Wednesday, August 19, 2009

Richard Russo, Misogynist?

Why did Newsweek magazine allow Jennie Yabroff to slam author Richard Russo, calling him a misogynist? "In That Old Cape Magic, the protagonist, Griffin, is a classic Russo male: unable to get over his childhood (featuring, of course, a domineering mother and feckless father) and act on his own behalf." Yabroff goes on to say that "for the men of Russo's world, flaws are a good thing. . . women aren't afforded the luxury of conflict or shortcomings." That's far from the truth.

Richard Russo is a high-profile, Pulitzer Prize winner. He is an author whose often complex books mine the terrain of masculine self-discovery and how many people--flawed men and women--grapple with the idea of trying to connect to and feel at home in the world. He's shown great versatility with Empire Falls, Bridge of Sighs and in his latest, That Old Cape Magic - a comic, road trip novel written in a similiar style and tone to Russo's first book, Straight Man. (Hilarious!) Men are always at the center of Russo's novels (that's their appeal), but according to Yabroff, "The way Russo tells it, women are bitches, bovine, dumb (but shrewd); like witches, and their familiars, cats, they have magical powers to summon misfortune on any man who crosses them." You certainly don't need to read between the lines to recognize how Yabroff's insulting assessment of Russo's fictional women and his writing, in general, is a vicious and poorly substantiated attack. Excellent rebuttal essay about the Newsweek article by Bethanne Patrick over at BookStudio.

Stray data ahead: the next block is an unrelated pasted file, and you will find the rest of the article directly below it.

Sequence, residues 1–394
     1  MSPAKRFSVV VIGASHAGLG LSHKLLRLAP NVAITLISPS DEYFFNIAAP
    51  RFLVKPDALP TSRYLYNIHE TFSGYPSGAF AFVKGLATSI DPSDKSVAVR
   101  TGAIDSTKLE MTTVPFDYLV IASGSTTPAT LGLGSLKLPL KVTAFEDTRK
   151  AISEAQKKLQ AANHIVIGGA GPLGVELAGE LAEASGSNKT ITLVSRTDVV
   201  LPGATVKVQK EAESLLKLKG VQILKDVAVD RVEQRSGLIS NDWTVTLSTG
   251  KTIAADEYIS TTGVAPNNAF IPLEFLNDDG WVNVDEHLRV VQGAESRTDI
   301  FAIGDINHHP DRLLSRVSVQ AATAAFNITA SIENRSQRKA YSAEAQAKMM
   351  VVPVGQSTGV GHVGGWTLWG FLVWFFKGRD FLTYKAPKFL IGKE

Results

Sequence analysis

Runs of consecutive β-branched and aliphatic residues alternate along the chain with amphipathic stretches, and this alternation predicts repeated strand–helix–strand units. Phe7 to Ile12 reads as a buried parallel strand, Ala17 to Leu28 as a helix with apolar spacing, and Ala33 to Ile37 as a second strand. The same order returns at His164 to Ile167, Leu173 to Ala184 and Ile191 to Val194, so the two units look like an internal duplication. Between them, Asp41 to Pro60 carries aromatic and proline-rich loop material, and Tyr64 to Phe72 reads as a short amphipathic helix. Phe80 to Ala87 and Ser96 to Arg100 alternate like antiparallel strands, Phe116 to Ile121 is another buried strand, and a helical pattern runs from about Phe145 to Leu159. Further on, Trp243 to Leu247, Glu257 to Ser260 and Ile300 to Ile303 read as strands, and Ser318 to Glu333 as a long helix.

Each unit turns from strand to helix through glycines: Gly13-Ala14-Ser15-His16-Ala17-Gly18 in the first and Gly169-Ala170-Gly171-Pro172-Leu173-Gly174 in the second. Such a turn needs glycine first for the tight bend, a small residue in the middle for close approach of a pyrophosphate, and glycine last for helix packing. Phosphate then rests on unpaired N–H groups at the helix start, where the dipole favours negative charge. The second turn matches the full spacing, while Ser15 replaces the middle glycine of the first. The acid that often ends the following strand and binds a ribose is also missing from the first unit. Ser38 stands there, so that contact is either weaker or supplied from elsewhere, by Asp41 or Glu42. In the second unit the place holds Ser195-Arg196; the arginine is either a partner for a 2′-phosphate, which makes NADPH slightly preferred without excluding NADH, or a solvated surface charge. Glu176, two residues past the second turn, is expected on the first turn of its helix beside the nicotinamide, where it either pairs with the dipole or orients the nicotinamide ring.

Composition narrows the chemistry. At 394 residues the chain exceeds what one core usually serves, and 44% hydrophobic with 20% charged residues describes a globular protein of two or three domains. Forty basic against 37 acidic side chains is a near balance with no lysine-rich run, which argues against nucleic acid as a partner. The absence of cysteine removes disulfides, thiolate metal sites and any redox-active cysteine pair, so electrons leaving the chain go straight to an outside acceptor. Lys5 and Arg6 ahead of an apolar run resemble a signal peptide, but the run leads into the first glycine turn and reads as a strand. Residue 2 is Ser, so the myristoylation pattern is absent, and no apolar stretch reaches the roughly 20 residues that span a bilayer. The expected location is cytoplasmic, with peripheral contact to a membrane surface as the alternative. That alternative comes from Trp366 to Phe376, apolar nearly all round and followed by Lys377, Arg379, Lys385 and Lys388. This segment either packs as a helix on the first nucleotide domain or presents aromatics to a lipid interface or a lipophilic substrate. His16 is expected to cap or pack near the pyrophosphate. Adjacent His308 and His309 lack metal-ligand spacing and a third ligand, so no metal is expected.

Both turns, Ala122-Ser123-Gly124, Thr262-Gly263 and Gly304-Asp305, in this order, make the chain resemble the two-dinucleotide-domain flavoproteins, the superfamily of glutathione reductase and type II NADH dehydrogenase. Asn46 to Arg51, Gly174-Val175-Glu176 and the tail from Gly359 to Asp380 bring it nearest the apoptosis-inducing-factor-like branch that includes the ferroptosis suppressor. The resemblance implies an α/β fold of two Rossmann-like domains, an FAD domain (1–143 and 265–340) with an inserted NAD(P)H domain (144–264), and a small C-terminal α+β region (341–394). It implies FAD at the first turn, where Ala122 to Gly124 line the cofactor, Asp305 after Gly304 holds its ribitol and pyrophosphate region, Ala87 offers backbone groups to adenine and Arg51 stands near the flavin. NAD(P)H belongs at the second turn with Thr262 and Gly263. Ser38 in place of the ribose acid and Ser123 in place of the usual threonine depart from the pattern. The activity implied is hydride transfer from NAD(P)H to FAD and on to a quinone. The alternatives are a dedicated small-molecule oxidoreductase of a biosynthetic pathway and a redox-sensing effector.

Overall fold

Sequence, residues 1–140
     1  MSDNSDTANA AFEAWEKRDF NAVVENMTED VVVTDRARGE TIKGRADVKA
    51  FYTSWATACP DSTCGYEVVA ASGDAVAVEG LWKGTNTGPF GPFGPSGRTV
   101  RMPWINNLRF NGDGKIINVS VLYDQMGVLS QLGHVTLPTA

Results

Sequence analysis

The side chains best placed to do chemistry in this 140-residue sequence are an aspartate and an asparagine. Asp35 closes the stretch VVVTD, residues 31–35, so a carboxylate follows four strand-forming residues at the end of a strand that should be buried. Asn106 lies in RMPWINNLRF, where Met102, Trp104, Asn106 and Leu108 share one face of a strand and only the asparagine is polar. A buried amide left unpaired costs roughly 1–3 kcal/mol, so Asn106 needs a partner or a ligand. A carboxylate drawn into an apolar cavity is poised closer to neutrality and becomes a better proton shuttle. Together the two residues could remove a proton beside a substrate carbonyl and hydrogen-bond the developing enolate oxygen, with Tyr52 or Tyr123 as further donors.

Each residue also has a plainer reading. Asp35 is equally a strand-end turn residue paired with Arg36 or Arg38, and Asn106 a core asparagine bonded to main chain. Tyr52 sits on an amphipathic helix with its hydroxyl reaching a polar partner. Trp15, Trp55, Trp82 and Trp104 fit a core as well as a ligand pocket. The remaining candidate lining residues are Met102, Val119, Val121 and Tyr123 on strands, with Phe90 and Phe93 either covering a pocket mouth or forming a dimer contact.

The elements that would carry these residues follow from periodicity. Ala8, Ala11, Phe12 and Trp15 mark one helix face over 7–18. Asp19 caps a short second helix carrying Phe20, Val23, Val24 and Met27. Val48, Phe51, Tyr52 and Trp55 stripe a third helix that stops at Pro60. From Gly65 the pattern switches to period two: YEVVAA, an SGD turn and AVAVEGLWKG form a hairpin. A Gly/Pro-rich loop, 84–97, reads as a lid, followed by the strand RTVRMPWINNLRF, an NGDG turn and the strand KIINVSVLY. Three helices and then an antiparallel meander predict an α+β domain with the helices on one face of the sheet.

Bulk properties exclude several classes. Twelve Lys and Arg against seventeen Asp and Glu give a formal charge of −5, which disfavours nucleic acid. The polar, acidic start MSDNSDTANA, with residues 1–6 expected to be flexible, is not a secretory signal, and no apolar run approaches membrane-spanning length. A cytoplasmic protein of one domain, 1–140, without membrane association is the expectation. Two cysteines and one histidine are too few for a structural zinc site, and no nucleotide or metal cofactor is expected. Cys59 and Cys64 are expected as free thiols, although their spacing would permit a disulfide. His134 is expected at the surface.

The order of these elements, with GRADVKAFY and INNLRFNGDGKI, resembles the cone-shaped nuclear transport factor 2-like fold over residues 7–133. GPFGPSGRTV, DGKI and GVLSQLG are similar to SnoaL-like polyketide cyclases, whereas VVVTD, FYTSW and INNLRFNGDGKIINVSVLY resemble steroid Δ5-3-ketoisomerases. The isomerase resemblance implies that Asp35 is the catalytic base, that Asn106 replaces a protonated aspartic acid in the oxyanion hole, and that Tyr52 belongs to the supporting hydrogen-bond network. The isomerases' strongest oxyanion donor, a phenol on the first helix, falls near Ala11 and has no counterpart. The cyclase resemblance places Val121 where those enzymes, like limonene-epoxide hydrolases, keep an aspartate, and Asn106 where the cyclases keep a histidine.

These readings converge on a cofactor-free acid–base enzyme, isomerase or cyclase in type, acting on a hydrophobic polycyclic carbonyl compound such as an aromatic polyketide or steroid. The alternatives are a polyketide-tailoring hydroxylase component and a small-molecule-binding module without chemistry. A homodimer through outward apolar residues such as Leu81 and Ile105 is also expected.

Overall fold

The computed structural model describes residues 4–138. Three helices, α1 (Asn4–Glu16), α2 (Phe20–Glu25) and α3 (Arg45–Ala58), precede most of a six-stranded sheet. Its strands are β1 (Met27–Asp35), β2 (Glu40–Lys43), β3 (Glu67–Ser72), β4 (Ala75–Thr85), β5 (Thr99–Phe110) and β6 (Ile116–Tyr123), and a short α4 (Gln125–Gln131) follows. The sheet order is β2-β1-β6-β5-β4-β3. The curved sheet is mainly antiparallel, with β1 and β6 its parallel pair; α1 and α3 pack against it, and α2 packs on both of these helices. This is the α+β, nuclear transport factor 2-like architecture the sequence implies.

Photo of Richard Russo by Elena Seibert